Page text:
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Dominica – A chilling reminder

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If ever we were becoming complacent about our susceptibility to storm damage, given the hitherto storm-free hurricane season this year, last Wednesday brought a chilling reminder of how much we are in the danger zone.

The tropical storm, Erika, which caused such death and destruction in Dominica was no “superstorm”, no category 5, no David (which hit that island in 1979), no Ivan, as in Grenada in 2006, no Katrina which devastated New Orleans and the Gulf coast of the USA 10 years ago, but it has left behind it a trail of human and infrastructural destruction.{{more}} Dominica’s development process has been effectively derailed as a result.

Most tragic of all has been the substantial loss of life. While Eastern Caribbean islands have been hit time and again by natural disasters, it is rare in these parts for the death toll to be so substantial. It is bad enough to suffer such great environmental destruction, but the tragic loss of so many lives has given an added, fatal twist to the suffering and sorrow in our sister island.

As SEARCHLIGHT extends our sympathy to the people of Dominica and our solidarity with its embattled government, we call on all Vincentians to contribute in whatever way possible both to the urgent relief effort, as well as to the longer recovery and reconstruction process. We know what it is to be on the wrong end of natural disasters, though thankfully, we have been spared significant loss of lives, as experienced by our unfortunate Dominican sisters and brothers.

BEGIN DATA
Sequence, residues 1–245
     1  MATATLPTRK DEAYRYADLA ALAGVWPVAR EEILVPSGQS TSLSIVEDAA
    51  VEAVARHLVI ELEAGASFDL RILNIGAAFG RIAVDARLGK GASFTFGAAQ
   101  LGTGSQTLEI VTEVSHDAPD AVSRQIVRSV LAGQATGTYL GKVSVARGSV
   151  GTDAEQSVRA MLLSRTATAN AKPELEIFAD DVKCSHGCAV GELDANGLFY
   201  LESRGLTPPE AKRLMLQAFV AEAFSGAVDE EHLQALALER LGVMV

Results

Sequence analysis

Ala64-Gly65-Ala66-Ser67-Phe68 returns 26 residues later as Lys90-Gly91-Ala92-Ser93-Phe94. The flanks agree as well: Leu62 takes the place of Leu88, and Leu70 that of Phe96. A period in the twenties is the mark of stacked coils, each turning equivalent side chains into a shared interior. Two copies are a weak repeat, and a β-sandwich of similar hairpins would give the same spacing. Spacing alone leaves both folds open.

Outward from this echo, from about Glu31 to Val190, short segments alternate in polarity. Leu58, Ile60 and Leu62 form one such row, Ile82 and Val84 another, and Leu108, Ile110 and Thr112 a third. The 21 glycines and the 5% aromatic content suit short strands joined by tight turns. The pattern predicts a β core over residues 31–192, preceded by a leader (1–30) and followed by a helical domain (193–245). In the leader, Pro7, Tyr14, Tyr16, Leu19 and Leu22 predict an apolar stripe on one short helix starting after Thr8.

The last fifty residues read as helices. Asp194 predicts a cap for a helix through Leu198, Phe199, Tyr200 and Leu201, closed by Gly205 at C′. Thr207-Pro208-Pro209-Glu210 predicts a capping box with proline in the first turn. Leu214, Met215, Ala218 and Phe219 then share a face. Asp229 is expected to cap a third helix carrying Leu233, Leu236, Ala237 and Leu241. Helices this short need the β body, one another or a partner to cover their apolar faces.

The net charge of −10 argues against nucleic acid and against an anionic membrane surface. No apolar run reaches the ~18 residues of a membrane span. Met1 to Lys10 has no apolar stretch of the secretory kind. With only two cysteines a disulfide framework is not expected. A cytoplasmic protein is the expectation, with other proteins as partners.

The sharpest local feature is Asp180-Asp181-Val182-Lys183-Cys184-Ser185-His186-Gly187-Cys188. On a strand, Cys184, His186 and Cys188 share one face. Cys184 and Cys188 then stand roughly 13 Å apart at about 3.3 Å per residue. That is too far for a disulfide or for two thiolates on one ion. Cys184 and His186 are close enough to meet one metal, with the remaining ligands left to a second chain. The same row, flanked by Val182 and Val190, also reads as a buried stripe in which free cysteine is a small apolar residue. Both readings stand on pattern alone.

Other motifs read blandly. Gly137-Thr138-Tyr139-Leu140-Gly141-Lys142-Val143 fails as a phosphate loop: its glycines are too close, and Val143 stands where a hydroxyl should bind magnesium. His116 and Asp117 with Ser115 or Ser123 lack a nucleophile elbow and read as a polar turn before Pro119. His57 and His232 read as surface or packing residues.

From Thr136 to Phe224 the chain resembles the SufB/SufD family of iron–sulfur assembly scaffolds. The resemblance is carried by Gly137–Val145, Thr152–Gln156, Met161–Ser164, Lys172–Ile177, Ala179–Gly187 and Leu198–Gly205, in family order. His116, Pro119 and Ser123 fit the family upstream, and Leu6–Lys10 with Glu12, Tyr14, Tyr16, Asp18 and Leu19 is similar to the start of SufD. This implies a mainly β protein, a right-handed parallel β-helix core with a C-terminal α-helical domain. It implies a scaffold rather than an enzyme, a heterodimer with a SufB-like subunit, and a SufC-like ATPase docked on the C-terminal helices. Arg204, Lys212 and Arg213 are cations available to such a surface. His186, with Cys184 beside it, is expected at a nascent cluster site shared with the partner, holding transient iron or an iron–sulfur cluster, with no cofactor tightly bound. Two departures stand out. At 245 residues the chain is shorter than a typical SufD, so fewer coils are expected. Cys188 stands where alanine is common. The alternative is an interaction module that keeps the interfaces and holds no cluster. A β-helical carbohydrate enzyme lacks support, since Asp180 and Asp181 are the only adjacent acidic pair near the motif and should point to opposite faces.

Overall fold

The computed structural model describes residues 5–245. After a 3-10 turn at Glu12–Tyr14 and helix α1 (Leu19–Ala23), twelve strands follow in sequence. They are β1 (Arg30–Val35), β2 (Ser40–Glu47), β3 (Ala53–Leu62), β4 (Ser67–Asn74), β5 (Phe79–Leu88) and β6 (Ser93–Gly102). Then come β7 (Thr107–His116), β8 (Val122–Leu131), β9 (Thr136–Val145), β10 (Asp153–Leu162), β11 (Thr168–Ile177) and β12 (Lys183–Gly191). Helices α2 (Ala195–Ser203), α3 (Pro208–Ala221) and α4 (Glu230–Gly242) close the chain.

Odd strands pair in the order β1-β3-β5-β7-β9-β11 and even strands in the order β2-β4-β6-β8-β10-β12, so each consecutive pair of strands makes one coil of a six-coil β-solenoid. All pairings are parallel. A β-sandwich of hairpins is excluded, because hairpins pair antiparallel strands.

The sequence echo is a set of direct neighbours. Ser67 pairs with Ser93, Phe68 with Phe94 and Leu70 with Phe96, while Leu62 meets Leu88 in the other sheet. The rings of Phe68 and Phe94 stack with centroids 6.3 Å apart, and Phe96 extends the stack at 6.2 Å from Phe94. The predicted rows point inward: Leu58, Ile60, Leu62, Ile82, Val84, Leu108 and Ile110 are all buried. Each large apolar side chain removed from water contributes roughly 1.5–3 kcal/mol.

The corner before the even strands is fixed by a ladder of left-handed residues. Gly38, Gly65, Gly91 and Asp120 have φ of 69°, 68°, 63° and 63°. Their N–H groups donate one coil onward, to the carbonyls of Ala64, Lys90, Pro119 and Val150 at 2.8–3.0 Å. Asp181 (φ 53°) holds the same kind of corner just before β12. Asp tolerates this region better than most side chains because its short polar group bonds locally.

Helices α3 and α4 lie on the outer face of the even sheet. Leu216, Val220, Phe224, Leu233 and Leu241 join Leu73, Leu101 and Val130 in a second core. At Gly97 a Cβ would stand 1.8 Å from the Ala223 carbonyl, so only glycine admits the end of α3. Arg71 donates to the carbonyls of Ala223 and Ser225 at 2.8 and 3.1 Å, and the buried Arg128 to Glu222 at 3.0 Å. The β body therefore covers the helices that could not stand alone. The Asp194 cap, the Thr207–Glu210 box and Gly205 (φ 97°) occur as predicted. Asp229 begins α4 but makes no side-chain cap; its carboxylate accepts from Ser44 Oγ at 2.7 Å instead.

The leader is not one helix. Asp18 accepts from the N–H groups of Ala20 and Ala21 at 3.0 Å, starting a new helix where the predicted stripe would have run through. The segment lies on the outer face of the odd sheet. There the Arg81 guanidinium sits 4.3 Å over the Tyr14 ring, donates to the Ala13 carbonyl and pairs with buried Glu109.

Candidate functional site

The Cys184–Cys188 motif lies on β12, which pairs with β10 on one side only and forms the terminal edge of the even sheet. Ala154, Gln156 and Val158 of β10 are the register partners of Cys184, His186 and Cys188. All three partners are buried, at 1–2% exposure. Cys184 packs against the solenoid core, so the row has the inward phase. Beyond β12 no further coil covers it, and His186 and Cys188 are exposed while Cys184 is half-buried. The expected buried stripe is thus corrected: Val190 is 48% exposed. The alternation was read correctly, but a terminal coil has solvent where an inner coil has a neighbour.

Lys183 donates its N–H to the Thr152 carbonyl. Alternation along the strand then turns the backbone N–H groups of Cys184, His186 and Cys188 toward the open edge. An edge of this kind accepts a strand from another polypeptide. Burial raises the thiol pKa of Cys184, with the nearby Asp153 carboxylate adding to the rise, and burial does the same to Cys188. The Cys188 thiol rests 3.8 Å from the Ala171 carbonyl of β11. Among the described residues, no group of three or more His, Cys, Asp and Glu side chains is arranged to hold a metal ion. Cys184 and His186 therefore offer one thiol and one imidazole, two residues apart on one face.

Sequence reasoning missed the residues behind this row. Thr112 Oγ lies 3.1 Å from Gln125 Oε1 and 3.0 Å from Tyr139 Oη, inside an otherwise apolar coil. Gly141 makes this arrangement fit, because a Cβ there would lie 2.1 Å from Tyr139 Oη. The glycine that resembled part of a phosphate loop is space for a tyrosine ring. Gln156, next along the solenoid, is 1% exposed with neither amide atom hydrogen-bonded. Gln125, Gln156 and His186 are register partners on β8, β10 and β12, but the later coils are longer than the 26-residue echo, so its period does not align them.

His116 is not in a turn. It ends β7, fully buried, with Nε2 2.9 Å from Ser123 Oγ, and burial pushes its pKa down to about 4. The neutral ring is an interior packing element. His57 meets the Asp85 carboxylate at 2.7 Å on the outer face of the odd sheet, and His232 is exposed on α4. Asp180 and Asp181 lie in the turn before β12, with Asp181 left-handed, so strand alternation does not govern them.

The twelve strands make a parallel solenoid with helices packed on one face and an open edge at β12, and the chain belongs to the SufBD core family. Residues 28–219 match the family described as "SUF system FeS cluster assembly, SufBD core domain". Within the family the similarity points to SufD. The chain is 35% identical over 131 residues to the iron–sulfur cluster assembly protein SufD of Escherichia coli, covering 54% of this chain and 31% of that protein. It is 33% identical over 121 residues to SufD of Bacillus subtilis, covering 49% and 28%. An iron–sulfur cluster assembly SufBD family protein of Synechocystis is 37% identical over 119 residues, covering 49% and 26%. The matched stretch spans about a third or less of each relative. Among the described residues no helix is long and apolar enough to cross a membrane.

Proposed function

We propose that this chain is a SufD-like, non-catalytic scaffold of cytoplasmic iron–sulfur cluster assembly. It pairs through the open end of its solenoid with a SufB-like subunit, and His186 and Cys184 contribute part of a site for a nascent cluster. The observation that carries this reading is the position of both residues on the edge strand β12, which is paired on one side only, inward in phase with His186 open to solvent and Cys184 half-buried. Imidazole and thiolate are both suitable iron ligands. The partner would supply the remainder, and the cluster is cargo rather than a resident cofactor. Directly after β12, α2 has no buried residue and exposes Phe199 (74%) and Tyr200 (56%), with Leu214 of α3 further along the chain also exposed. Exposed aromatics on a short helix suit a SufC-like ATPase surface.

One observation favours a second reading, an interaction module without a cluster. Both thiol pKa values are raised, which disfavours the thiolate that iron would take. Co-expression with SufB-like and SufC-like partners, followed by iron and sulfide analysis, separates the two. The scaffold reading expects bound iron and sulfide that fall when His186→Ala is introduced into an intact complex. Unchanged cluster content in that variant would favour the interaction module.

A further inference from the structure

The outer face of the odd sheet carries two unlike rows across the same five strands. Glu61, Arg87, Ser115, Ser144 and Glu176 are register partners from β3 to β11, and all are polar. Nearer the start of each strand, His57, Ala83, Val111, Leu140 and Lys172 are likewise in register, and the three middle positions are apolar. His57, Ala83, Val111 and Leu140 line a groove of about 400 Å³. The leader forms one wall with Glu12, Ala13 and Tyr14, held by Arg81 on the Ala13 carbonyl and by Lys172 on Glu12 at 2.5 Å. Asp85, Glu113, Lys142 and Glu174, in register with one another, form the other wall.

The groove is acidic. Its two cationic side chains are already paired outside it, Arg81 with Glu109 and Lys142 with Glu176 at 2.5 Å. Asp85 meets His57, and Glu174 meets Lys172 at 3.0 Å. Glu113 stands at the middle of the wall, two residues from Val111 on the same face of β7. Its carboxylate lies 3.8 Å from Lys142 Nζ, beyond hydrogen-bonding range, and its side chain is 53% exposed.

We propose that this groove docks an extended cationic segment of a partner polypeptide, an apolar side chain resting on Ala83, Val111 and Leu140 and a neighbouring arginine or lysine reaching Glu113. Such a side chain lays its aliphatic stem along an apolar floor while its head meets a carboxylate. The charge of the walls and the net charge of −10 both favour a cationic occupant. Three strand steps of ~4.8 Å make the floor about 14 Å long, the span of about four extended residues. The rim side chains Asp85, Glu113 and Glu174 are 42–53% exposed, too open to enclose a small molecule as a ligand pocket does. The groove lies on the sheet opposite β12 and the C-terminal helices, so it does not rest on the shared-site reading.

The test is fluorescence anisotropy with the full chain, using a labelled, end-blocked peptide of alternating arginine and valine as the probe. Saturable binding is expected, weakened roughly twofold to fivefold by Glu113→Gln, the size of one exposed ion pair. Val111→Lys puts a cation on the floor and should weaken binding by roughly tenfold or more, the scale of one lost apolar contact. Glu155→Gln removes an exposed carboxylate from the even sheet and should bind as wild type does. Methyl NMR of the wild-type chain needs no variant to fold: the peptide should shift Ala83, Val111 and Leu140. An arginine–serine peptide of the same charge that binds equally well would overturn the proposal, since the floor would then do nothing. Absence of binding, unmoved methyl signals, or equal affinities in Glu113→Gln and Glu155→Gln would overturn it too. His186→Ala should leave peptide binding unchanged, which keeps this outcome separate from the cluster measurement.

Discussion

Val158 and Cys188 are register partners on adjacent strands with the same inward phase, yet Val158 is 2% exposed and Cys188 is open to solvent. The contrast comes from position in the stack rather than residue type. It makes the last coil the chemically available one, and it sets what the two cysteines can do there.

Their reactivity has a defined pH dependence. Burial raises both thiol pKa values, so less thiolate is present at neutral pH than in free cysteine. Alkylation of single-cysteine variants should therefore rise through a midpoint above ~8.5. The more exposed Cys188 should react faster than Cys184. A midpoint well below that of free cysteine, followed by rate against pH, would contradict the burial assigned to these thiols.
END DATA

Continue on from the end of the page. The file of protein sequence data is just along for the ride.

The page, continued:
When we have been affected, such as by Tomas in 2010, the April 2011 floods, the Christmas storm of two years ago, or before that, by the volcanic eruption of 1979, the same year that Dominica was razed by hurricane David, our brothers and sisters in the region, Dominica included, and the international community came to our rescue. They gave generously. We must now reciprocate in our own humble manner.

Yet, there is more to it than the devastation and response. The deadly tropical storm which struck Dominica has delivered a powerful message to us all in the region. It is a brutal reminder of our own vulnerability to the vicissitudes of the weather in this part of the world. Simply put, we live in perpetual risk of danger from natural disasters.

This danger has been accentuated in recent times by the effects of climate change, which not even the doubting Thomases or human ostriches can any longer deny. It is a phenomenon which we have not yet, collectively, taken as seriously as we should. More and more we are experiencing these destructive storms and they seem to be intensifying.

In just over three months’ time, representatives of the nations of the world will meet in Paris in a global Conference on Climate Change, seeking international consensus on how to tackle it. Countries like ours, vulnerable as we are, have a great stake in the outcome of this conference.

It is a matter which should not just rest on the shoulders of those in political office; it directly affects each and every one of us. We need to pay attention to such matters, to seek information and educate ourselves about it to ensure that our young ones, in school and at home, are made aware and that environmental consciousness becomes a part of our being.

That must be the lasting legacy of the tragedy in Dominica.

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